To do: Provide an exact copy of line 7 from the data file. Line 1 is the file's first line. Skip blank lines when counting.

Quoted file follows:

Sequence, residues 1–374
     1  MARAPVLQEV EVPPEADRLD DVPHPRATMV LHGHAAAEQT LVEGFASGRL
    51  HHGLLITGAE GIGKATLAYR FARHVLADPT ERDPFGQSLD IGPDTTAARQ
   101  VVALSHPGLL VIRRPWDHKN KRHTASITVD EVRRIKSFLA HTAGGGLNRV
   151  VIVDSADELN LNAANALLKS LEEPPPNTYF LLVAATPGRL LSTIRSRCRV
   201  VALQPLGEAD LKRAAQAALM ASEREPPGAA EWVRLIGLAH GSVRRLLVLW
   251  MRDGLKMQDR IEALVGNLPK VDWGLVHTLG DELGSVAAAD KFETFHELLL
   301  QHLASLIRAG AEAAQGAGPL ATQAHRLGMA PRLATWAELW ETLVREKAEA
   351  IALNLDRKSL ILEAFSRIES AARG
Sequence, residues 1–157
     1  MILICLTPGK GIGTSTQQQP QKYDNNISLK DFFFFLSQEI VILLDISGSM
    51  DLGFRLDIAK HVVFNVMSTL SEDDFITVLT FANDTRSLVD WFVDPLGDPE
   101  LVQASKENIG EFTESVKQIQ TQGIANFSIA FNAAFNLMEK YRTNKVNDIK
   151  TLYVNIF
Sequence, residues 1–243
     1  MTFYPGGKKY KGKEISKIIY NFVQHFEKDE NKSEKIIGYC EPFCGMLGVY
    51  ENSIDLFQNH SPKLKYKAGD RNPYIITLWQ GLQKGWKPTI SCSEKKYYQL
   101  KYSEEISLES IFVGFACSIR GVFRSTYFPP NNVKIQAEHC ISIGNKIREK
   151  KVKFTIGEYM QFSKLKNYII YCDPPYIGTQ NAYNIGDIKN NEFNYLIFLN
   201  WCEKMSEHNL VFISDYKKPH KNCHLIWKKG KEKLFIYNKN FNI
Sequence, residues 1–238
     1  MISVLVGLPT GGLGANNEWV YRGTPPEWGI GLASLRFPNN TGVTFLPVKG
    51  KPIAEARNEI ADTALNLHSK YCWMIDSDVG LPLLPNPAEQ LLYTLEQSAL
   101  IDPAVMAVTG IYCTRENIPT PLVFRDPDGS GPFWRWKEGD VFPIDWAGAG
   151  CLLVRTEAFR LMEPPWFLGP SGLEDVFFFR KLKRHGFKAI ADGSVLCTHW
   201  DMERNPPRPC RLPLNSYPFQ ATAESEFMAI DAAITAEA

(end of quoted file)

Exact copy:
   251  MRDGLKMQDR IEALVGNLPK VDWGLVHTLG DELGSVAAAD KFETFHELLL